"If we can find a nucleus of eight to 12 analog designers who live in a community, or will live in a community, it's sufficient mass to establish a design center," Swanson said. Despite the capital improvements, Linear had capital expenditures of only $85 million in its current fiscal year, and plans to spend $110 million in fiscal 2001.
"It's relative," Swanson said. "We built our first fab for $7 million, and now the smallest module of our new wafer fab is $100 million. It's not the $2 billion the digital companies may have to spend, but it's not $7 million anymore either."
The low cost of capital, high margins, and steady growth have left Linear with about $1 billion in cash and related assets on hand. Although the company has never completed an acquisition, it is now in position to make a strategic move if one should present itself.
"We've got plenty of cash, but really there are no companies worth buying," Swanson said. "One of the things I've really been the high priest of here is having us stick to doing what we know. We are specialists. We don't know squat about DSP. If we can acquire a company that fits into what we're doing, we'd only be too happy, but those companies usually don't exist."
Fine-tuning the model
The emergence of communications-driven products such as cell phones and Internet appliances has expanded the need for high-performance analog components to interface with digital devices such as microprocessors and DSPs.
The escalating demand for its products, an overall uptick in the semiconductor market, and the company's move closer to the $1 billion revenue mark led Linear last year to restructure its business.
Linear created four business units:- Power products, principally DC/DC converters, regulators, and other power-management devices
- Signal-conditioning products, largely amplifiers, filters, and references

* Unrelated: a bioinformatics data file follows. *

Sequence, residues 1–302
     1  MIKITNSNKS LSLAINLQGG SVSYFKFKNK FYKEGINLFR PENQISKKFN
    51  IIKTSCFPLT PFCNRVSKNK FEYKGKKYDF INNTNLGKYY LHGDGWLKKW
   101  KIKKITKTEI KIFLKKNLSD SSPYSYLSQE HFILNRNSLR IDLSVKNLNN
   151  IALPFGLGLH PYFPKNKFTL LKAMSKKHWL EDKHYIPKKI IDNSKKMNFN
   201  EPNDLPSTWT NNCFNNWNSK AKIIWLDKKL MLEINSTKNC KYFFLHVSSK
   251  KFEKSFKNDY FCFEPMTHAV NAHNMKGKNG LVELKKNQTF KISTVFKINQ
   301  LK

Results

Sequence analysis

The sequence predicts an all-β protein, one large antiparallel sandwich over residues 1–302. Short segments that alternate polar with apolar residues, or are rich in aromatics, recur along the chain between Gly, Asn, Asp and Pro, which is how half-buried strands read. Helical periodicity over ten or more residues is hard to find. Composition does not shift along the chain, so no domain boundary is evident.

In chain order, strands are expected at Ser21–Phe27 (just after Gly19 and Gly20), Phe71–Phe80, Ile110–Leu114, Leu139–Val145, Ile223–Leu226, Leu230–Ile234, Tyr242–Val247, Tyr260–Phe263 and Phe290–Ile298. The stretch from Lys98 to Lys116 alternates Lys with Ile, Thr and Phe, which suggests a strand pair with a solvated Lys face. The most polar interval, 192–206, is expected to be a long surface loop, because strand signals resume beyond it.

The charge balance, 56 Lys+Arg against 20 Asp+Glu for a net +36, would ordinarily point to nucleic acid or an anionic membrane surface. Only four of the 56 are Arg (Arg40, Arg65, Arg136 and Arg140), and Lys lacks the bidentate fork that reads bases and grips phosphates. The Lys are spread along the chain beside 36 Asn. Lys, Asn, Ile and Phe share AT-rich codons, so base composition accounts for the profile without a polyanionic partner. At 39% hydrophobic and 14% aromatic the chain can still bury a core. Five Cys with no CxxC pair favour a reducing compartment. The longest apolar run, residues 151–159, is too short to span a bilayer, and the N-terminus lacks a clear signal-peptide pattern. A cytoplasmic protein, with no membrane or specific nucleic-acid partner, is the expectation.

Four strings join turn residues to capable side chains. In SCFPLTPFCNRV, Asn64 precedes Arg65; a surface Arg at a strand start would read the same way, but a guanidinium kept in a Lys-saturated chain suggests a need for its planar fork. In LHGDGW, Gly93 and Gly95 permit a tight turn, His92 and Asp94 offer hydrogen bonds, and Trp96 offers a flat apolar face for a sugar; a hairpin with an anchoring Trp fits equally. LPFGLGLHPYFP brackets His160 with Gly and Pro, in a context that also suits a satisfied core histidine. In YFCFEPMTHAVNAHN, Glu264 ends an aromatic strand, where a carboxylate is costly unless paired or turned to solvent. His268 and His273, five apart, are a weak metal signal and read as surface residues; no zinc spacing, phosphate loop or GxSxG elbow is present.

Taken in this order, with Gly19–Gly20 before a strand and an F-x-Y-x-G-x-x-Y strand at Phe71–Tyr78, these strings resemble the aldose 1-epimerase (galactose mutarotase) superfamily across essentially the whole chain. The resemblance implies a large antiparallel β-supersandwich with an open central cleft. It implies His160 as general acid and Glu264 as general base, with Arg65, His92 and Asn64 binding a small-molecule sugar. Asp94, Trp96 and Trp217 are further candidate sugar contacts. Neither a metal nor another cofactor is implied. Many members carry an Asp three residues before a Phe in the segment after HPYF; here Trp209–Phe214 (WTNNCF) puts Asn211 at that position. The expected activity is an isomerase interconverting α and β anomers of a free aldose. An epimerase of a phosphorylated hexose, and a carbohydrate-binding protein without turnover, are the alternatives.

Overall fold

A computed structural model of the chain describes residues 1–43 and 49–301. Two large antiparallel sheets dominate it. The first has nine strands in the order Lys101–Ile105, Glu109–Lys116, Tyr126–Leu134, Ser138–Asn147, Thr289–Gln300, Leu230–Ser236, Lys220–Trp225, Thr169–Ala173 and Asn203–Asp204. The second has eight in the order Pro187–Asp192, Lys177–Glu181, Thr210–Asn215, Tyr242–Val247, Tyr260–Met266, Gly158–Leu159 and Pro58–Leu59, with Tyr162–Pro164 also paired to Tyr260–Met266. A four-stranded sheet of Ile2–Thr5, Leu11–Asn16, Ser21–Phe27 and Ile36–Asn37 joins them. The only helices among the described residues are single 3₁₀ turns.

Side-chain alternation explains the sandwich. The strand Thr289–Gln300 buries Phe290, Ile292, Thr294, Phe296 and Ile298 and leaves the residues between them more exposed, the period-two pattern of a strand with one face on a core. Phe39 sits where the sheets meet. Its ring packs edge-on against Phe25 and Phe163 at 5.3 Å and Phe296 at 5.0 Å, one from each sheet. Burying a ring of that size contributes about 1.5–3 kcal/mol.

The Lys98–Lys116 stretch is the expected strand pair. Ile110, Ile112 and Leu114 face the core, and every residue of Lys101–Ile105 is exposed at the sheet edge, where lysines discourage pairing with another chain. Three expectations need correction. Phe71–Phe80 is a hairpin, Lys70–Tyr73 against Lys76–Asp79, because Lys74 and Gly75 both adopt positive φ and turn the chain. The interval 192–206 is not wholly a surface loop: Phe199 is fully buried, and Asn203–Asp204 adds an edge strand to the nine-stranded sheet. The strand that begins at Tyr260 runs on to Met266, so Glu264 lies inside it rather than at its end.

- Mixed-signal devices, including analog-to-digital converters, digital-to-analog converters, and interface products
- High-frequency devices, a product- development unit targeting RF
Power products account for 54% of Linear's revenue, 23% comes from mixed-signal, 23% from signal conditioning, while high frequency has yet to produce sales.
As another part of the restructuring, Linear named Clive Davies, a 17-year veteran of the company, president, a job previously held by Swanson.
"As we moved toward $1 billion in shipping rates, it became clear that having one individual running all the design effort was just too big a task," Davies said. "We thought we'd be better served by having each of these business units focus on the relative products for their particular market segments."
Within the product groups there are teams of design managers responsible for the individual strategic market outlooks, such as telecom products, particular cell phones, and notebook computers.
Linear has targeted four primary market areas for its new product-creation focus: networking, wireless, transportation, and industry, including science and medicine.
Linear has seen its percentage of revenue derived from communications grow from 12% three years ago to 40% this year.
"Current industry growth's being driv-en by the communications boom, or at a minimum communications interacting with computing," Swanson said. "Whenever that happens, there's a strong need for analog components. This boom is particularly more analog rich than any in the past. In the 25 years I've been associated with analog, this is the strongest analog-content semiconductor-market uptick I've ever experienced."
The company has seen its regional sales move from 51% North America, 24% Europe, and 25% Japan and Asia-Pacific in 1997 to 46% North America, 24% Europe, and 30% Japan and Asia-Pacific in 1999.
Swanson believes Linear's strength is in maintaining its focus on high-performance analog.
"If you're going to make it in the semiconductor business, you'd better pick a few areas where you're damn good and stick with it," he said. "When we first got started, TI was the ultimate 'all things to all people' company, and our specialty approach was pooh-poohed as being too limiting. Now TI has recognized that the future for them needs to focus on DSP and analog. National has made a similar move."